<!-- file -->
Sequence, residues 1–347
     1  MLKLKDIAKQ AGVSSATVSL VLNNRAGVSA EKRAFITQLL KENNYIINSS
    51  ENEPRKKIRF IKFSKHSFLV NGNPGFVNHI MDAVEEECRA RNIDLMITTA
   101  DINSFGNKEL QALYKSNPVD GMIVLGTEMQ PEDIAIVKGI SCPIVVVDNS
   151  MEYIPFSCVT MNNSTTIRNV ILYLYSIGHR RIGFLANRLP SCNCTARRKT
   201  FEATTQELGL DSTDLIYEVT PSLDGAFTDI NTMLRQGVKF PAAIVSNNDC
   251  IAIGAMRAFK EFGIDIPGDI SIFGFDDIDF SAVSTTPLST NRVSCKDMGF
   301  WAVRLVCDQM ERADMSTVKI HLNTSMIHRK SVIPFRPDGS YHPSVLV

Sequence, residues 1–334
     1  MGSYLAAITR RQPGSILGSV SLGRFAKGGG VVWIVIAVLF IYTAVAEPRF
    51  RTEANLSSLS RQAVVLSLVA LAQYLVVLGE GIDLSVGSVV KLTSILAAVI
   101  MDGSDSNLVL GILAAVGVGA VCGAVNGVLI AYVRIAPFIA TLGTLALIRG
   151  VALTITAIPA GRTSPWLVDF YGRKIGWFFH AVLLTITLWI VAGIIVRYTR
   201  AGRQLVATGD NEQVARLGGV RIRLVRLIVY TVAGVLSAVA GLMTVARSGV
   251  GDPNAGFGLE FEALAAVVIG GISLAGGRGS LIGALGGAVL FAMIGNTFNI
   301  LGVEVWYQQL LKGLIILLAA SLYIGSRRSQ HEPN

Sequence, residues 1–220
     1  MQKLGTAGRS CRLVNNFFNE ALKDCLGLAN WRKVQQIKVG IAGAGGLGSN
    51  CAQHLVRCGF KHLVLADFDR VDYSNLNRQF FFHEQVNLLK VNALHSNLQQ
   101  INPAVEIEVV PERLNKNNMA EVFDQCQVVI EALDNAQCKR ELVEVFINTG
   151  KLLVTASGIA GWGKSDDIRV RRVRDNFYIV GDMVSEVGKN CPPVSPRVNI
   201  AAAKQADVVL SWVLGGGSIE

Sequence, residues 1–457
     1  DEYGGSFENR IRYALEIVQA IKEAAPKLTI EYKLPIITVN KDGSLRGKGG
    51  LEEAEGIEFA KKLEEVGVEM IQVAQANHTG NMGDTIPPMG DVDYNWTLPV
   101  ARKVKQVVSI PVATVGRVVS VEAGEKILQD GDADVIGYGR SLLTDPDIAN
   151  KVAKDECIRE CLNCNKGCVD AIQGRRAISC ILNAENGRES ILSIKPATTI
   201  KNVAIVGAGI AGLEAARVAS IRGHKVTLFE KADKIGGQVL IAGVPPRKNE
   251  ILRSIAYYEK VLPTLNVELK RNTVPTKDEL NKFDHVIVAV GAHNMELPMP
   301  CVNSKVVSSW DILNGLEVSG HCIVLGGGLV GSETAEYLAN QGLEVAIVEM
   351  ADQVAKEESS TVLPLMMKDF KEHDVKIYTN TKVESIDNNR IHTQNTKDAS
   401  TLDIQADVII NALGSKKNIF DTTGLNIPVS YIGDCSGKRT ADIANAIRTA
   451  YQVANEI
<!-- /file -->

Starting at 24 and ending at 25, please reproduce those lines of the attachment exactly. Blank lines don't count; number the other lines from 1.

     1  DEYGGSFENR IRYALEIVQA IKEAAPKLTI EYKLPIITVN KDGSLRGKGG
    51  LEEAEGIEFA KKLEEVGVEM IQVAQANHTG NMGDTIPPMG DVDYNWTLPV